Common purpose organisations are collectives of individuals, come together to achieve a particular purpose that accords with a common purpose of fulfilment without harm for everyone (staff, customers, managers, et al). Financial success is a by-product of the organisation’s success in realising human potential and achieving its particular purpose.
The tendency of organisations to become autocratic and to focus, not on fulfilling the potential of employees and customers in the products and services it produces, but on the control of individuals in the pursuit of a regular rate of return.
To direct collective assets and human effort toward the realisation of human potential through best individual contributions organisations should:
Share an organisational purpose in accordance with the purpose of fulfilment
Decentralise local decisions, distribute responsibility
Democratise collective decisions
Open and pool information so everyone can inform and be informed
Structure for co-ordination and communication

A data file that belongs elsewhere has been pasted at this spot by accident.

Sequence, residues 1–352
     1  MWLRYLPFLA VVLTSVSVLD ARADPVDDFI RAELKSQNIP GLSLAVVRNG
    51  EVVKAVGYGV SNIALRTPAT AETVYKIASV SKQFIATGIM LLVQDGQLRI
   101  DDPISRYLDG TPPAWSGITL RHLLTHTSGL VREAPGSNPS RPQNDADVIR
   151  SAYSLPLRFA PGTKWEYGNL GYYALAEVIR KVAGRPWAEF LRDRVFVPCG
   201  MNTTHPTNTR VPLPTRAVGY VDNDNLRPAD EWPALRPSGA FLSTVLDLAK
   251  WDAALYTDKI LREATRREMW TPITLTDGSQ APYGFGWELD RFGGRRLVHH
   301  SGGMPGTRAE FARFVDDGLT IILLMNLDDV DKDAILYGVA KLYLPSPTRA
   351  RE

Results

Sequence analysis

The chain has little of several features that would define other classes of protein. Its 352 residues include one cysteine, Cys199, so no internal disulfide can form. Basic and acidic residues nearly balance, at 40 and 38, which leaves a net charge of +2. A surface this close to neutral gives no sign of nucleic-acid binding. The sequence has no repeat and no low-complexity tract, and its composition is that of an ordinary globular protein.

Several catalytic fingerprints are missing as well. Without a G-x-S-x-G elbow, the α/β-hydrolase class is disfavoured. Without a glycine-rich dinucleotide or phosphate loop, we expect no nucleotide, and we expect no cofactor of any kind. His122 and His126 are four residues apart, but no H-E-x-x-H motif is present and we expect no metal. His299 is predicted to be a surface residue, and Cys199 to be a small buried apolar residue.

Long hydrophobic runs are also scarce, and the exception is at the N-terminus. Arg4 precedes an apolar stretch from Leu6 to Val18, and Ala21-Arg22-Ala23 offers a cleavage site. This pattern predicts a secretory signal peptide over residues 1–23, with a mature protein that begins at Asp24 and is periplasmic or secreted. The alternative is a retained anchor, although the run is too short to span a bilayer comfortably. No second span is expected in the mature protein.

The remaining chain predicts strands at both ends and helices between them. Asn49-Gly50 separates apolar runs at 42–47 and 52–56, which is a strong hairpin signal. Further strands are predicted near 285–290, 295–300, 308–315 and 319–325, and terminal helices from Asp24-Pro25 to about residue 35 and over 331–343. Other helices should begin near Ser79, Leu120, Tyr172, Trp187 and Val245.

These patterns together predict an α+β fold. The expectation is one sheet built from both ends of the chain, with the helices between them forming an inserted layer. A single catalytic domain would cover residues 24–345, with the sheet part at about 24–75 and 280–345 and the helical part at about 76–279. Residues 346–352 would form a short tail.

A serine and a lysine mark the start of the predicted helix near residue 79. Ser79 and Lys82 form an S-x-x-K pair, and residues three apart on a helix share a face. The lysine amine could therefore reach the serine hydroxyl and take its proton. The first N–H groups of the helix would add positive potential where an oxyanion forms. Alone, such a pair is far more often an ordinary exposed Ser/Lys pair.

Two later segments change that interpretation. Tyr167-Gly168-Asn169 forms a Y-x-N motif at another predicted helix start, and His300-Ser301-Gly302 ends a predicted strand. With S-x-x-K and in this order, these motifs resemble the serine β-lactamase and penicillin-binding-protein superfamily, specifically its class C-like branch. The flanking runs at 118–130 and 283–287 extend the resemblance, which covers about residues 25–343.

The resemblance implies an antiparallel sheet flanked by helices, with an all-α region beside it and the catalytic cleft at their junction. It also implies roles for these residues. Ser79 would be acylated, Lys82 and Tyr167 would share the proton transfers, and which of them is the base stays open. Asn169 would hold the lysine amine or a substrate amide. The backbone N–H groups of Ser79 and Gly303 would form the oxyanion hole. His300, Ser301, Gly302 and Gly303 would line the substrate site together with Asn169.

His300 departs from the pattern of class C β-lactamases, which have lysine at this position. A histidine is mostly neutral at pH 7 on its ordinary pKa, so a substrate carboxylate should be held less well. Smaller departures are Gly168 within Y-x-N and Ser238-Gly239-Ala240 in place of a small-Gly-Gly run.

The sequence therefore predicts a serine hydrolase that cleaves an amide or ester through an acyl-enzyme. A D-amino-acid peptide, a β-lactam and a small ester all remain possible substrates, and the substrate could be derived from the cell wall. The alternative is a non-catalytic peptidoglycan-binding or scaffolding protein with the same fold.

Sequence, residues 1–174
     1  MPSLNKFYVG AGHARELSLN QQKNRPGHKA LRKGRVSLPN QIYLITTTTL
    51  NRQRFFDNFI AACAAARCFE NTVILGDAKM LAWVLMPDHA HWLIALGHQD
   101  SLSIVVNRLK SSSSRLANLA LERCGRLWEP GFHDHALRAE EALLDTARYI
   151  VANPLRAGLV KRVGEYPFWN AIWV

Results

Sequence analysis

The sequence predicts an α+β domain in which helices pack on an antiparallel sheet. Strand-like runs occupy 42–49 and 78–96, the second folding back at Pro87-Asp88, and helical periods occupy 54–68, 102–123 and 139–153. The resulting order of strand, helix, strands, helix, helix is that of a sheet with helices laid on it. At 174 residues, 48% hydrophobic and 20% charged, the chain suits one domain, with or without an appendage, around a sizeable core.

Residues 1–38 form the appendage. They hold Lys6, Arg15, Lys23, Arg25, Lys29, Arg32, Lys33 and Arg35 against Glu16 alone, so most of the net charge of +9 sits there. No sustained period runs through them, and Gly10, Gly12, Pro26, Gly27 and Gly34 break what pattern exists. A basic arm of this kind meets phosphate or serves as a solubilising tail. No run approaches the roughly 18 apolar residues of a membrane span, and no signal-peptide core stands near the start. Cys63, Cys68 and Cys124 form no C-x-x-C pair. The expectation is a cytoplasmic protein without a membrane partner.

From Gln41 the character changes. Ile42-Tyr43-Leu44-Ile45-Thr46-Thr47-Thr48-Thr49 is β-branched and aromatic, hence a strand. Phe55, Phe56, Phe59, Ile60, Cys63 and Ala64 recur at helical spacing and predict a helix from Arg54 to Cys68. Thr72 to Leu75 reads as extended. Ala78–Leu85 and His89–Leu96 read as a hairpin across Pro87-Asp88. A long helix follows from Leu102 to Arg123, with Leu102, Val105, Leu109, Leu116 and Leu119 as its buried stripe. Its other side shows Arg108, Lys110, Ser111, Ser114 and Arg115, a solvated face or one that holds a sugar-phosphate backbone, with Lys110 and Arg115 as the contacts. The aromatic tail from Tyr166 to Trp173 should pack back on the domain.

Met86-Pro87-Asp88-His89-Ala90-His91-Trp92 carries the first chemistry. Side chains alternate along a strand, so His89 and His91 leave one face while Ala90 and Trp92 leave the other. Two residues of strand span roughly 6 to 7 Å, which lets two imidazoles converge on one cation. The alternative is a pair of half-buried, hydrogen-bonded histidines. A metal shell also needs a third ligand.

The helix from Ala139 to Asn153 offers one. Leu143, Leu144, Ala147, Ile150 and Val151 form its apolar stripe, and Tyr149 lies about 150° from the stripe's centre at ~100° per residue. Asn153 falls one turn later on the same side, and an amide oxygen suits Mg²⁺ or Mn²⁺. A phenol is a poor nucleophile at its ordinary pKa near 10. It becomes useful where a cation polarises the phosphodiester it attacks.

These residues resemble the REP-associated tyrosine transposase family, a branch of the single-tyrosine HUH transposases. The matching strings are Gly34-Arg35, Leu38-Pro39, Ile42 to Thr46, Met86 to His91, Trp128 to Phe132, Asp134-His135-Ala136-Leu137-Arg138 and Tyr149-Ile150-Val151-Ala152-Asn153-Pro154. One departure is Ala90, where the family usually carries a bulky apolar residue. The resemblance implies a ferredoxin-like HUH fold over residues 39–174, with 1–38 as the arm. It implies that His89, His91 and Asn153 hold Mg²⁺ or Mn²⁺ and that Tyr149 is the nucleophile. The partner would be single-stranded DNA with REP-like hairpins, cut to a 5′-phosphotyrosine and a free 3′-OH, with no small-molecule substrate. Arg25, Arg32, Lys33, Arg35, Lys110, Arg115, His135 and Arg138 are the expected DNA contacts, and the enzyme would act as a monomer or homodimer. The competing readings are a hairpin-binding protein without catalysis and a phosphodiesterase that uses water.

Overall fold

Ensure no harm and equal respect
Deal fairly in ideas (so people earn from contributions)
Have liable contributor-members
Maintain flexibility in all roles
The common purpose organisation lowers the risk of trying new things, of new ideas, of realising human potential, and assists in the coordination of human endeavour to a particular purpose that accords with and furthers the common purpose.
These organisations distribute the costs of failure and the profits of success. At all times human potential is realised, whether new ways of doing things are financial failures or large or small financial successes.
Introduce the common purpose of fulfilment without harm, and test the organisation’s own particular purpose and actions against it.
An organisation’s particular purpose should be phrased: ‘This organisation furthers the common purpose of fulfilment through improving…[ ]…fill in with organisation’s particular area, for example, transport, computation, communications, banking, retail, investment, entertainment, and others… in accordance with the principle of no harm.’